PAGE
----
Archive for the 'contemporary' Category
Sergey Radchenko, who taught history at PSU some years ago, is now teaching in China, and has some comments on the challenges of teaching and researching history in China today
The NYTimes has a substantial piece on the resurgence of Religious Taoism: the idea that Daoism helps you achieve in business is an excellent example of the disconnect between popular and philosophical daoism.
They’re relatively recent, as these things go, but they were made for Qianlong, the longest-reigning emperor (and one of the most popular, still) in Chinese history. They were looted in the Boxer uprising Sino-French war of 1860 and China wants them back, but doesn’t have a legal claim.
update: interesting comments from a specialist on the subject of Qing art and law of possession.
3/3: Sale blocked by spurious bidder citing “patriotic duty.”
An interview with Wang Jisi, Dean of International Studies at Beijing University shows some of the fundamentals of the Chinese view of the US: hypocritical, powerful but not overwhelming. Also frank discussion of China’s place in the world, and the China-US relationship:
China and the United States can cooperate, but cannot be allies, because the gap between the two countries is too great with regard to ideology, social systems, and national interests, so there is no basis for becoming allies. The bottom line is that China and the United States should not be enemies — neither enemies nor friends. China cannot accept being led by the United States, but the two countries can communicate with regard to ideas. China is also pursuing such universal values as human rights and rule of law, it is just that China demands the right to determine the approach and speed of the pursuit.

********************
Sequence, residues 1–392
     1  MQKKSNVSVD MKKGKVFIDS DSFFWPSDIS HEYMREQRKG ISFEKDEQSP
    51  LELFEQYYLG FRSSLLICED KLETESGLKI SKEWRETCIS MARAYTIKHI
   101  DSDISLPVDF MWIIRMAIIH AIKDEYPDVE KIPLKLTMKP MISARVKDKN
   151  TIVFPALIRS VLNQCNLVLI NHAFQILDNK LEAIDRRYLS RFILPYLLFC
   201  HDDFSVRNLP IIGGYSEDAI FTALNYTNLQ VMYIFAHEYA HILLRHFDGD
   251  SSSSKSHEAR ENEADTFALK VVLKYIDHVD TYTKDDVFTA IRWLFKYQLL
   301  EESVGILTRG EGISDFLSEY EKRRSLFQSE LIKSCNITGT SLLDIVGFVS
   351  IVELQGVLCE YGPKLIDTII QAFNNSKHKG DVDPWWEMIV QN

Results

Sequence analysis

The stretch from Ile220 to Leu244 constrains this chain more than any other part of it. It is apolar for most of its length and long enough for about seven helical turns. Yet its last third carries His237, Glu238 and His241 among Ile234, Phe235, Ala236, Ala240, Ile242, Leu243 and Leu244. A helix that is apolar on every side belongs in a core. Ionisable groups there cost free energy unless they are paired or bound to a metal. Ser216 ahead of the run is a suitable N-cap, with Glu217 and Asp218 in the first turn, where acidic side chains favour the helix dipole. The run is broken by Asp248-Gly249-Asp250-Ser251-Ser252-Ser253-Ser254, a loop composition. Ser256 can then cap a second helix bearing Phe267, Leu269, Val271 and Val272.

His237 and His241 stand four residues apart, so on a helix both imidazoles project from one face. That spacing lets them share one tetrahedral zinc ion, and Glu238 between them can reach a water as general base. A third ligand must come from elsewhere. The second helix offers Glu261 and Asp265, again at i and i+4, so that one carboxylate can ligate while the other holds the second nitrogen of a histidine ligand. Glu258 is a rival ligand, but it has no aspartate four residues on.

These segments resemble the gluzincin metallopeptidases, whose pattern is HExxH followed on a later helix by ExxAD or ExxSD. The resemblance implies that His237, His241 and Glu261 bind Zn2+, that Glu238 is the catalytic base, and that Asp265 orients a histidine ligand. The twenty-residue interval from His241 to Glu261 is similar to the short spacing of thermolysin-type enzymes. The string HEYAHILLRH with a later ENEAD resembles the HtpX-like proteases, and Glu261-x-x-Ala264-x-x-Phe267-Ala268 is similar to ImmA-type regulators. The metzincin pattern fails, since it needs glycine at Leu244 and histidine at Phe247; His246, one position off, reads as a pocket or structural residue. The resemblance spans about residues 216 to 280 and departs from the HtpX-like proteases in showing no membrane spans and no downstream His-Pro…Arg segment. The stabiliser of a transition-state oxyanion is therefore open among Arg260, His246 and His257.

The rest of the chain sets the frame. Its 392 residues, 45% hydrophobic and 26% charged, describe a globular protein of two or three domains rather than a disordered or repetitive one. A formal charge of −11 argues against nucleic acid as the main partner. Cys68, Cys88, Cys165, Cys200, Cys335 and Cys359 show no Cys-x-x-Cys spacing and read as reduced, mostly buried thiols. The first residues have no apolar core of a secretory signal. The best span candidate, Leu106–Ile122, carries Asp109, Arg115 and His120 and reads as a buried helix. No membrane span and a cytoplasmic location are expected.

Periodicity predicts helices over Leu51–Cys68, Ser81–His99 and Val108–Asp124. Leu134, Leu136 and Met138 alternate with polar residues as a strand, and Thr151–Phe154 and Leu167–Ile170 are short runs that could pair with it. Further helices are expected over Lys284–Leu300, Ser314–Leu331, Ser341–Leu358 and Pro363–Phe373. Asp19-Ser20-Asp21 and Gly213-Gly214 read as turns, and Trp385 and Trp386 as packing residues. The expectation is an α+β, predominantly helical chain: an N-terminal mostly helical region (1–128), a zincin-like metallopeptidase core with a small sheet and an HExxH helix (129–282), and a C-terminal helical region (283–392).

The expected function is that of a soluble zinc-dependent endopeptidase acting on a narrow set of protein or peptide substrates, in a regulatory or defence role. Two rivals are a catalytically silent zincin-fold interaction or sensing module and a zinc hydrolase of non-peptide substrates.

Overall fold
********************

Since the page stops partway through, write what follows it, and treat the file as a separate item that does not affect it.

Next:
Added Later: Lest you think Maoism is entirely dead and gone, an interview with French Maoist Alain Badiou on the state of leftist politics in France.
Added much later: the Chinese government is successfully adapting to new media? Only if it survives the global economic crisis….
Finally: An American serves as an extra in a Chinese Pepsi commercial
Taiwan is experiencing significant political upset right now. The Guomindang-led government has initiated a series of arrests and charges of corruption, almost entirely directed at Democratic People’s Party members, including the former President, Chen Shui-bien. A series of student protests has erupted, and there’s no immediate resolution in sight.